Why Is My Cat Sleeping So Much? Understanding Feline Sleep Patterns

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This pet health content was written by a veterinarian, Dr. Debora Lichtenberg, VMD. It was originally published in 2010 and has been regularly updated. This article was last reviewed on June 13, 2024

If you have questions or concerns, call your vet, who is best equipped to ensure the health and well-being of your pet. This article is for informational purposes only and is not a substitute for professional medical advice, diagnosis or treatment. See additional information.

why is my cat sleeping so much image
why is my cat sleeping so much? Probably not — all cats sleep two-thirds of the day. Photo: rberteig

Why Is My Cat Sleeping So Much? Insights from Wellness Exams

During my wellness exams, conversations with cat owners often begin the same way:

  • Edgy cat people: “How should I know? Why is my cat sleeping so much?”
  • Upbeat, happy cat people: “She’s got it made! I feed her and then this cat sleeps all day.”
  • Stressed cat people: “He’s doing fine. He wakes me up in the morning to get fed. Then he goes to sleep while I have to go to work. He’s got a better life than I do.”

This variety of responses sums up a cat’s sleep pattern in a nutshell.

Key Point: The normal adult cat sleeps about 16 hours a day, which is twice as much as we do. Here’s why:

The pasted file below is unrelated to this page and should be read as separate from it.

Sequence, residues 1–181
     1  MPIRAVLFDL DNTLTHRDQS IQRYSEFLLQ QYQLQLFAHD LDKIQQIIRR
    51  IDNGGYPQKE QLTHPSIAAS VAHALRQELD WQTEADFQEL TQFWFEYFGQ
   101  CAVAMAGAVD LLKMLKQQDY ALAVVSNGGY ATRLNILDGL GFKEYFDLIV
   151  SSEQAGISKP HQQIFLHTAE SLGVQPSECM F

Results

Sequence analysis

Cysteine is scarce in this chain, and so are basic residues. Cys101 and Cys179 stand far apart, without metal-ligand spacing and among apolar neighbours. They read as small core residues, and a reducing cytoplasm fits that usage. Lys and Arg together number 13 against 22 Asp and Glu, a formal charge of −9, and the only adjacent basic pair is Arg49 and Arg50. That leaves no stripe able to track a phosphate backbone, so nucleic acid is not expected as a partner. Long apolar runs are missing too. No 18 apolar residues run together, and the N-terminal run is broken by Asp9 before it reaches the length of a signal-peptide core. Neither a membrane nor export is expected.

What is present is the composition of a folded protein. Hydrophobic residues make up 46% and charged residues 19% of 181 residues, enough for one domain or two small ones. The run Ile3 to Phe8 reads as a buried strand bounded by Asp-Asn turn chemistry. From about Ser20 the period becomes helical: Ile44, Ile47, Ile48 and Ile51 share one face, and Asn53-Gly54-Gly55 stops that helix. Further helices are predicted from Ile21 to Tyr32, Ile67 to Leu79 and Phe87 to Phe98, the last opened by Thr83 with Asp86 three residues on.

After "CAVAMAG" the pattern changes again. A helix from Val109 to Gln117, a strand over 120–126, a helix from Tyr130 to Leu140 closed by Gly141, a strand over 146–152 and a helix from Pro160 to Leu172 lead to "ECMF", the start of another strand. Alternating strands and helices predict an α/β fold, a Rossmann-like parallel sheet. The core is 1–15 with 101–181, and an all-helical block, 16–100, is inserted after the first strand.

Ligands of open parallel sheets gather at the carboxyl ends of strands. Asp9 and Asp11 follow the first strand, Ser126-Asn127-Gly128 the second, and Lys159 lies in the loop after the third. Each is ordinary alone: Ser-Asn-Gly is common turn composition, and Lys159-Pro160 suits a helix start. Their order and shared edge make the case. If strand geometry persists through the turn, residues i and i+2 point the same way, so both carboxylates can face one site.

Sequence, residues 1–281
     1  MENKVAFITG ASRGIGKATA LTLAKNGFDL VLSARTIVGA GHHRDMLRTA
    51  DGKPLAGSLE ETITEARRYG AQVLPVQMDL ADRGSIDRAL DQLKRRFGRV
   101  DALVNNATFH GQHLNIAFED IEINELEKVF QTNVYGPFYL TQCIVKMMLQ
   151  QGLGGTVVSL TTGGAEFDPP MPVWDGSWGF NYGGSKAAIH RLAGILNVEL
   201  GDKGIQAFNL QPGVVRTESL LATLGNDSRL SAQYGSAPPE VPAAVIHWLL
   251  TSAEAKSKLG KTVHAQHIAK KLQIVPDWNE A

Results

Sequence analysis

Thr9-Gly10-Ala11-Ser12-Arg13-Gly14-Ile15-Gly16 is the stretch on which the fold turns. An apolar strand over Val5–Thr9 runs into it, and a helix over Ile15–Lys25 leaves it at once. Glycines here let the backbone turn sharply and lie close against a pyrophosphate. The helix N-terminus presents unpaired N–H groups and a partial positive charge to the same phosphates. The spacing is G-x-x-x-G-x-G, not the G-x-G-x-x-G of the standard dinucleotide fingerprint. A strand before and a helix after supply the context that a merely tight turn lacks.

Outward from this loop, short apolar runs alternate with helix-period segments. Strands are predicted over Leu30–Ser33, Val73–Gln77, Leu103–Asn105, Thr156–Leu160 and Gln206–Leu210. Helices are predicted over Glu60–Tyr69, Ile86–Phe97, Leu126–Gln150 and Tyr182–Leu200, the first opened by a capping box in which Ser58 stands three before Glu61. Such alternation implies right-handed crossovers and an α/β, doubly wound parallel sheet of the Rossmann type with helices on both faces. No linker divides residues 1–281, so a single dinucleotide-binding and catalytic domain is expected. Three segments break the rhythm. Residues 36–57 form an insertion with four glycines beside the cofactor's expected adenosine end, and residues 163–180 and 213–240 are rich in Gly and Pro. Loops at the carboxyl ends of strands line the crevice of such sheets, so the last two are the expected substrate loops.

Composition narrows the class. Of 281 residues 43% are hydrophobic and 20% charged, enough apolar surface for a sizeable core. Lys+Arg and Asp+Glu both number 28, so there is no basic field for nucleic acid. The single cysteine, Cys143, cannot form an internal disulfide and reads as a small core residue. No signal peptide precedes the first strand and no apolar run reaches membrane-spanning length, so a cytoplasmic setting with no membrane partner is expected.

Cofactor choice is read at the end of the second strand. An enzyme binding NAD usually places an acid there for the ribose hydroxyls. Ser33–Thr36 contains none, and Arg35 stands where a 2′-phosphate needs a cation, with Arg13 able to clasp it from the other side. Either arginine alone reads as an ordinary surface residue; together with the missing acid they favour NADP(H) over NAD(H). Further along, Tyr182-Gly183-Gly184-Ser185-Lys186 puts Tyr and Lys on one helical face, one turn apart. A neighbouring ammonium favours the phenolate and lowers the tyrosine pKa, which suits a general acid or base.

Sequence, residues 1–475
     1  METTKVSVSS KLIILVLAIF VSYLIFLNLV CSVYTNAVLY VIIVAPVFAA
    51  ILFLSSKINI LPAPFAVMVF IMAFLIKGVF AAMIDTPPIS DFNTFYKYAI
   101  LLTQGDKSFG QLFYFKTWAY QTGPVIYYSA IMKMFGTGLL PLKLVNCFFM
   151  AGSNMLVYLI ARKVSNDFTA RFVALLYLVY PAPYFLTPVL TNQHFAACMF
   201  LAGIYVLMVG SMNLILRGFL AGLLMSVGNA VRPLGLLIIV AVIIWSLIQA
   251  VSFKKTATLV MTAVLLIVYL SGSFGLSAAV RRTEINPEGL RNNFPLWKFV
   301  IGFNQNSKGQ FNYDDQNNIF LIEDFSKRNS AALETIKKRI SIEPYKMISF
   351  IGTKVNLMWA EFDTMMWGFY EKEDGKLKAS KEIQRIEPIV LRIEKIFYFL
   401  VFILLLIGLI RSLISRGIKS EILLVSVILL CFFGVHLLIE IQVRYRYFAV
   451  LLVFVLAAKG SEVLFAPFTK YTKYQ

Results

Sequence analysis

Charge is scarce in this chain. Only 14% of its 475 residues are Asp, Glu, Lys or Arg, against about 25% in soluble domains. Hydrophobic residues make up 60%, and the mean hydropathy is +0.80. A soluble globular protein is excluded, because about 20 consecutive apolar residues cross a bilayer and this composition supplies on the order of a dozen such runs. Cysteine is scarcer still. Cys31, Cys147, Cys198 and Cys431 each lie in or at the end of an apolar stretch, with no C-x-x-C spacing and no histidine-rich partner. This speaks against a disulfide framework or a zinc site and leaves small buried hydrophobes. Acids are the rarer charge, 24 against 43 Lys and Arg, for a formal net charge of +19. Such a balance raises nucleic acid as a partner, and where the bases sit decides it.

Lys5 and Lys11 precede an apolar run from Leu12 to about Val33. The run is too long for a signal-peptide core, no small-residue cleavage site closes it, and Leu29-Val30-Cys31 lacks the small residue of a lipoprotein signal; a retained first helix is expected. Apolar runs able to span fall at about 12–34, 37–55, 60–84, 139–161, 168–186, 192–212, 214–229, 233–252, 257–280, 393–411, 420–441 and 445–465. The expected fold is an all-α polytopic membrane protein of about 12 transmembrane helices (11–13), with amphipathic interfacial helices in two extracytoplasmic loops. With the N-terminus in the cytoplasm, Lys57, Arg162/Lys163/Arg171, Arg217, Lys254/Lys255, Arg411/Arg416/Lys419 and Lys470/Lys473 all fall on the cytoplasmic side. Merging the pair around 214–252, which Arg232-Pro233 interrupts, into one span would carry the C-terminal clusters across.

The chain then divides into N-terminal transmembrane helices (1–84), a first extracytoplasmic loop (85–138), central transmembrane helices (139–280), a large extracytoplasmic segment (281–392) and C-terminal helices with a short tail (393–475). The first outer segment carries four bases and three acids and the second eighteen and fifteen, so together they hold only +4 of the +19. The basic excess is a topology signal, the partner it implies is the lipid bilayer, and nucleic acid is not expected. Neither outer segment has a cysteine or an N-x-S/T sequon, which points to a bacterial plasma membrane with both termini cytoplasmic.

• Cats have evolved to conserve their energy for hunting, even though domesticated cats have their meals provided. Their natural instinct is to sleep and store energy for these activities.
  • Understanding this can help answer the common question: “Why is my cat sleeping so much?”

It’s All About the Hunt

House cats have evolved from their big cat roots into domesticated pets, but many instinctual patterns remain the same. My little orange house kitty often looks like he’s stalking prey in the Serengeti that is my basement.

Why do cats sleep so much? It’s because creatures need food to survive, a primary life force. Cats instinctively save their time and energy to hunt for food. Then, they sleep.

Consider feral cats as an example:

  • Energy Conservation: Feral cats conserve energy by sleeping, often in colonies, and then go out at night to kill and eat.
  • According to Sarah Zielinski, a science writer for Smithsonian, “Feral cats’ daily activity pattern of sleeping during the day and being active at night likely reflects the behavior of their prey, small mammals, and helps them avoid humans.”

By comparison, house cats exhibit similar behavior:

  • Most house cats have food readily available but still conserve energy as if they need to “hunt” for their next meal.
  • A 2011 study found that feral cats spent around 14% of their time running or hunting, whereas house cats spent only 3% of their time on these activities.

Myth: Cats Are Nocturnal

Despite popular belief, cats are not nocturnal.

  • Crepuscular Nature: Cats are more accurately described as crepuscular, meaning they are most active at dawn and dusk.
  • During these times, birds’ color vision is less effective, and small prey mammals have trouble spotting predators. This increases hunting success for wild cats around 7–8 p.m. and 2–4 a.m.